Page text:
The best of EcoWatch, right in your inbox. Sign up for our email newsletter!
Bernie Sanders Draws 28,000 in Portland, Largest Turnout for Any Presidential Candidate This Year
It was by far the largest turnout for any presidential candidate this year, nearly 30,000 people turned out in Portland, Oregon on Sunday evening at a rally for Bernie Sanders where the city's Moda Center was filled to capacity and thousands more were directed to overflow areas to watch the event on large screens.
— Bernie Sanders (@BernieSanders) August 10, 2015
"Whoa. This is an unbelievable turnout," said the U.S. senator and presidential candidate after taking the podium.
With a populist message and a continued upward trend in early state and national polling, Sanders has been breaking his own attendance records over recent weeks and months, attracting overflow crowds in liberal bastions like New England and the northwest, but also in more conservative states like Texas, New Orleans, and Arizona.
According to reporting by The Oregonian:
The senator received waves of thunderous applause as he vowed to fight for universal health benefits, paid family leave, paid sick leave, free public college tuition, a $15 minimum wage, expanded Social Security benefits and a major public works program to rebuild crumbling infrastructure.
"Almost all of the wealth is held by a small handful of people and together we are going to change that," said Sanders, vowing to take on the "billionaire class," end corporate tax breaks and break up major Wall Street financial institutions. "If they're too big to fail, they're too big to exist," he added.
"We see kids getting criminal records for having marijuana but the the CEOs of these major institutions get away" with no sanctions after their "greed and recklessness" caused the 2008 collapse of the financial markets.
Sunday's evening rally in Portland followed a Saturday night rally at the University of Washington in Seattle that drew an estimated 15,000 people.
By contrast, as the Washington Post points out, the largest crowd yet attracted by Hillary Clinton's campaign was estimated at 5,500, which came at her formal New York kickoff event in June. None of the Republican candidates have seen crowds anywhere near what Sanders is getting.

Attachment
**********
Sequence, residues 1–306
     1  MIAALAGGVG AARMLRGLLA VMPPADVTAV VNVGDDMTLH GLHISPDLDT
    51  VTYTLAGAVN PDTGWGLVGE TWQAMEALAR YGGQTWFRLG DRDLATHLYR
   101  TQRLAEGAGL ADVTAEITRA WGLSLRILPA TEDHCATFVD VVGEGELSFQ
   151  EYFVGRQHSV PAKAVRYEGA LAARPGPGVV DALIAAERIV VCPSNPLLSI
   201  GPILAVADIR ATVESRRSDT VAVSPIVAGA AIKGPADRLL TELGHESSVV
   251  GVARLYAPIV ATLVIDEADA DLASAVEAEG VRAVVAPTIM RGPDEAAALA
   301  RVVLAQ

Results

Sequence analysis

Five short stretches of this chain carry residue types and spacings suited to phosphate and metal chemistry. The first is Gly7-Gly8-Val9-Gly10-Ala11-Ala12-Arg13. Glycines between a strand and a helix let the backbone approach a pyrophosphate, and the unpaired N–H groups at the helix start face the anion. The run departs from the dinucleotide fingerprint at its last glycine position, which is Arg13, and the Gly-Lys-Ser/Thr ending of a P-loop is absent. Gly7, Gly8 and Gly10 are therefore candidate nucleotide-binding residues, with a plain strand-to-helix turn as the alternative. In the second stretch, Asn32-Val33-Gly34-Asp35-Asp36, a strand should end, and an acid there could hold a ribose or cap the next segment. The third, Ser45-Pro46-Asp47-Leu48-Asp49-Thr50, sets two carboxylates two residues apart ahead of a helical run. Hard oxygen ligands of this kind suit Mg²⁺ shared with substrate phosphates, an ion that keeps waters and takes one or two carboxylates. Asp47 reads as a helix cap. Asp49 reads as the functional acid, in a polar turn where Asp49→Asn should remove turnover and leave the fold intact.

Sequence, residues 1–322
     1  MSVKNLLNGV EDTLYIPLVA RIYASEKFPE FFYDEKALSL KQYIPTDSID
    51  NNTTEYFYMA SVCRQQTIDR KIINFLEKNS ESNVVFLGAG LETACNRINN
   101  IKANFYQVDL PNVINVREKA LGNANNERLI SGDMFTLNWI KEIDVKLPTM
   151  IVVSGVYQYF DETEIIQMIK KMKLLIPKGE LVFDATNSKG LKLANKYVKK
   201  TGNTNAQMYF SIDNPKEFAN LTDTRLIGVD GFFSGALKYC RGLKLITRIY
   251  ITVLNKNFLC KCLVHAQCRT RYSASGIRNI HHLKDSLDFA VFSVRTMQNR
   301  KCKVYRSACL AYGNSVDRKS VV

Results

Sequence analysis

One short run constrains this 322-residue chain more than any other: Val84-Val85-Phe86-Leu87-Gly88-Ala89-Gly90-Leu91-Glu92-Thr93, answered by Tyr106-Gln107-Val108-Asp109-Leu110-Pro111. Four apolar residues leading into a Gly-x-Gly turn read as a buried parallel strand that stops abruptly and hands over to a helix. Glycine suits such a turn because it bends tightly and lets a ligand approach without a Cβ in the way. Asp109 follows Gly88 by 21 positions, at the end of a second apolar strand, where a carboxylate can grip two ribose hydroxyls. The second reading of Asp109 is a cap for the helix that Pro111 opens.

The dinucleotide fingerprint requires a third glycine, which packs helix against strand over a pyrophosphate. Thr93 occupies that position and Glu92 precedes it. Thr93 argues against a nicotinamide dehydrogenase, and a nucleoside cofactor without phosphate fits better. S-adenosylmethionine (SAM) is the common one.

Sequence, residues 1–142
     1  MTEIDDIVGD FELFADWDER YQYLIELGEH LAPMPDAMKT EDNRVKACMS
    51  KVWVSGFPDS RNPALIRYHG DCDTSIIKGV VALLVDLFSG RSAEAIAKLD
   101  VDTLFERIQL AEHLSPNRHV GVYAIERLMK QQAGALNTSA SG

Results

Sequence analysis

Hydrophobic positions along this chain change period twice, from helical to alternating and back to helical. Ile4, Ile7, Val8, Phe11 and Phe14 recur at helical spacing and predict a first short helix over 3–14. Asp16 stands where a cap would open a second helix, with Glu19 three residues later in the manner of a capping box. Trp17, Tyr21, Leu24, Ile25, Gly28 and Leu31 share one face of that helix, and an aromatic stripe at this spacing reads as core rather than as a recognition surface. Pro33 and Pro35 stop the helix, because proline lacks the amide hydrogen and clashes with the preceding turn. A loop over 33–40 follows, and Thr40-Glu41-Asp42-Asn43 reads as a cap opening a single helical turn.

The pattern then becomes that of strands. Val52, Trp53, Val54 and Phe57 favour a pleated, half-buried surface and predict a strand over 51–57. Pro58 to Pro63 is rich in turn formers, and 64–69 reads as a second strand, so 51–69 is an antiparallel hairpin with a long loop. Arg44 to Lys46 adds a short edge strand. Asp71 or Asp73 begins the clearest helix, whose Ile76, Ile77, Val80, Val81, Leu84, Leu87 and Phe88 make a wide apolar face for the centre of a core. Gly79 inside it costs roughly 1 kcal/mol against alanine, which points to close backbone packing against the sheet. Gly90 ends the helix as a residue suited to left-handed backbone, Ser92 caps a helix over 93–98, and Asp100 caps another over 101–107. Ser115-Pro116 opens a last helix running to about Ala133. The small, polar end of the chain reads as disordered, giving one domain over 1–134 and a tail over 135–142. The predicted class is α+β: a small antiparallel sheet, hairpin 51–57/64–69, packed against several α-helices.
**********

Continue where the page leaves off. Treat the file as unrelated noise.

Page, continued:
Despite the ability of a few protesters to shut down an earlier campaign stop in Seattle on Saturday, the Sanders campaign continues to build traction with its far-reaching and inclusive populist message regarding economic inequality, social justice, and a broad call for a "political revolution" centered on getting big money out of politics, fighting corporate greed and combating the human-caused global warming and climate change. Additionally, Sanders has so far gone further than other candidates in making criminal justice reform and racial inequities a key feature of his campaign.
As part of the campaign's expanding agenda, Sanders on Sunday released an updated and detailed issue statement on "racial justice" which calls for "addressing the four central types of violence waged against black and brown Americans: physical, political, legal and economic."
During Sunday evening's rally in Portland, Sanders told the crowd "there is no candidate who will fight harder to end institutional racism in this country and to reform our broken criminal justice system."
Ultimately, however, he said that his goal is to unite those who are being mistreated, abused and under-served by a political and economic status quo that is controlled and designed to benefit the rich and powerful while leaving working people, the poor, the middle class and other vulnerable populations out in the cold.
"Bringing people together," Sanders said, is at the core of his campaign.
YOU MIGHT ALSO LIKE
EcoWatch Daily Newsletter
By Jessica Corbett
Pointing to the deaths of more than half a billion bees in Brazil over a period of just four months, beekeepers, experts and activists are raising concerns about the soaring number of new pesticides greenlighted for use by the Brazilian government since far-right President Jair Bolsonaro took office in January — and the threat that it poses to pollinators, people and the planet.
By Elliott Negin
On July 19, President Trump hosted Apollo 11 astronauts Buzz Aldrin and Michael Collins and their families, along with the family of their deceased colleague Neil Armstrong, at a White House event to commemorate the 50th anniversary of the first manned landing on the moon.
- Cold-climate lizards that give live birth to their offspring are more likely to be driven to extinction than their egg-laying cousins as global temperatures continue to rise, new research suggests.
Tuna auctions are a tourist spectacle in Tokyo. Outside the city's most famous fish market, long queues of visitors hoping for a glimpse of the action begin to form at 5 a.m. The attraction is so popular that last October the Tsukiji fish market, in operation since 1935, moved out from the city center to the district of Toyosu to cope with the crowds.
gmnicholas / E+ / Getty Images
Kristan Porter grew up in a fishing family in the fishing community of Cutler, Maine, where he says all roads lead to one career path: fishing. (Porter's father was the family's lone exception. He suffered from terrible seasickness, and so became a carpenter.) The 49-year-old, who has been working on boats since he was a kid and fishing on his own since 1991, says that the recent warming of Maine's cool coastal waters has yielded unprecedented lobster landings.
The climate crisis is getting costly. Some of the world's largest companies expect to take over one trillion in losses due to climate change. Insurers are increasingly jittery and the world's largest firm has warned that the cost of premiums may soon be unaffordable for most people. Historic flooding has wiped out farmers in the Midwest.